In July 1864, six Union soldiers were hanged at Andersonville, a Civil War prison camp notorious then and now for its harsh conditions.
But the hanged men's crimes had nothing to do with the war against the Confederacy; they weren't spies or saboteurs.
They were the leaders of a gang-known as The Raiders-who terrorized their fellow Union prisoners in the hell of Andersonville.
By June 1864, prisoners had had enough, and camp commandant Henry Wirz (executed after the war) sanctioned the formation of a quasi-police force, the Regulators, with permission to arrest, try, and punish offenders.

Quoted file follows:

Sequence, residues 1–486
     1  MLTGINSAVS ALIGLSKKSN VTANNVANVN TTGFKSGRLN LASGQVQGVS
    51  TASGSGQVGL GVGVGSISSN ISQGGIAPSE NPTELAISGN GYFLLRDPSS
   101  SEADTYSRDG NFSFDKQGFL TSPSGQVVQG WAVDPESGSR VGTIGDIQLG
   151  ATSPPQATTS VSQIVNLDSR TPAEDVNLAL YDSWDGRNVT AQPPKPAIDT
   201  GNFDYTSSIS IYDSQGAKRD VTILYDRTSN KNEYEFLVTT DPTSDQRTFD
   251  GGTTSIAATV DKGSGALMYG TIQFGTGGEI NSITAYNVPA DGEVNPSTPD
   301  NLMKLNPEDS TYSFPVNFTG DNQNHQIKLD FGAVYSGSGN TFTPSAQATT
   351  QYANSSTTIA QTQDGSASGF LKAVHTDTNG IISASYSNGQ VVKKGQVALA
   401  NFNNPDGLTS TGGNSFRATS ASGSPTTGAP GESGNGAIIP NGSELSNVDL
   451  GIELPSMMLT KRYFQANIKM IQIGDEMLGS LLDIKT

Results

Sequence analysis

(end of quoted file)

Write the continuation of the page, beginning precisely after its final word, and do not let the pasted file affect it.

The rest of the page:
In less than two weeks, the Raiders were broken up and arrested and hung. Andersonville is one of the most notorious aspects of the Civil War, and this is one instance in which brother-against-brother chivalry did not prevail, not even amongst inmates from the same side.
Gary Morgan has dug deep into the historical record to tell this story, which is at once dramatic and historically important.